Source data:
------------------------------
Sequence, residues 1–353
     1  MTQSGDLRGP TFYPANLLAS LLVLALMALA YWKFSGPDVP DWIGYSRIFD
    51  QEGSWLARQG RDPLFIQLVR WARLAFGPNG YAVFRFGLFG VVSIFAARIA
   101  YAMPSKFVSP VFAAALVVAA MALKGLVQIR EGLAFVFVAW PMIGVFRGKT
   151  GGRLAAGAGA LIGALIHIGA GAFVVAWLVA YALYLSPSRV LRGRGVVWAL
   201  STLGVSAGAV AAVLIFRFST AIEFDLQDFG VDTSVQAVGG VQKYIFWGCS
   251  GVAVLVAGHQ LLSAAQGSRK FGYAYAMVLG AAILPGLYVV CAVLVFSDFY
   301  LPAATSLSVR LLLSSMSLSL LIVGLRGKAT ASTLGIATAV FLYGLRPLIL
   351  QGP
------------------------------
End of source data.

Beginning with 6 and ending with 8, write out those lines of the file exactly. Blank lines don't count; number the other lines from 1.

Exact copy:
   201  STLGVSAGAV AAVLIFRFST AIEFDLQDFG VDTSVQAVGG VQKYIFWGCS
   251  GVAVLVAGHQ LLSAAQGSRK FGYAYAMVLG AAILPGLYVV CAVLVFSDFY
   301  LPAATSLSVR LLLSSMSLSL LIVGLRGKAT ASTLGIATAV FLYGLRPLIL